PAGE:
Check prospective insurers and brokers rating with the Better Business Bureau.
Give your current policy number out indiscriminately.
Check with your state insurance department to make sure the agent/company are licensed in your state.
Fall victim to the promise of “Free Services” that only conceal hidden costs.
Use your common sense. If a deal sounds too good to be true, it likely is.
Before you sign a new insurance policy, always look at the company’s customer reviews to scan for red flags.
The parts of an auto insurance policy
When your auto policy arrives, it will come with your insurance ID card. You may have received a temporary ID by fax, email or directly from your agent, but the one that comes with your policy is the permanent one and should be immediately placed in your car so you don’t lose it.
Read through your policy when it arrives to make sure you have the coverage you want. While mistakes aren’t common, they do occur. It’s best not to discover that your limits or coverage is wrong when it comes time to make a claim. Car insurance policies have a set design and will include the following:
This is usually the first page of your policy and includes who and what are insured. The declarations page has the make/model of your car and the VIN (vehicle identification number). Compare the VIN on the policy with the way the number appears on your registration or title. If they don’t match, have it corrected or you’ll have some trouble when making a claim.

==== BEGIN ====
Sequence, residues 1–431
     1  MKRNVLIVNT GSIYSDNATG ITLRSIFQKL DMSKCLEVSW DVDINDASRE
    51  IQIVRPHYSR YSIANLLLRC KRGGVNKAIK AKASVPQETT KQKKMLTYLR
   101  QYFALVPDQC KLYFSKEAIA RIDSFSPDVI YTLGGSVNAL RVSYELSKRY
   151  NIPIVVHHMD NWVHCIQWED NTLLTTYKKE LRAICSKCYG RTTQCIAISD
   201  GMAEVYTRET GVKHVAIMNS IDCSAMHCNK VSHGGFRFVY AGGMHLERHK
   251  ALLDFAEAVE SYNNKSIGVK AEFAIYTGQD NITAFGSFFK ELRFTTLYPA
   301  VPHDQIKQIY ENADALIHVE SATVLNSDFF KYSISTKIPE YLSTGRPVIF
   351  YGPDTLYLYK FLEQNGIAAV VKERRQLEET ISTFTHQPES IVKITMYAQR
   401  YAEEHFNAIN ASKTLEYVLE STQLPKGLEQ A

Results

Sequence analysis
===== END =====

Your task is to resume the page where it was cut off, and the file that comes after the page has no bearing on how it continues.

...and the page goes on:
The declarations page will also include your premium amount and the policy term, either six months or a year. It will also mention any deductibles. If any of this information appears incorrect, advise your agent or insurer as soon as possible and request a corrected policy.
Insuring agreement or base policy
This section spells out the provisions of your policy, the extent of your coverage and the insurer’s responsibilities. It also stipulates certain requirements, like when and how to pay your premium on time and how to report accidents to the insurance company in a timely fashion.
This section spells out what isn’t covered; it’s especially important to read and understand these exclusions in their entirety. If you find exclusions you wish to have covered, speak with your agent or the company about having them added to the policy. Be aware that having exclusions removed will most likely result in a higher premium.
This section spells out your legal responsibilities and your insurance company’s legal responsibilities.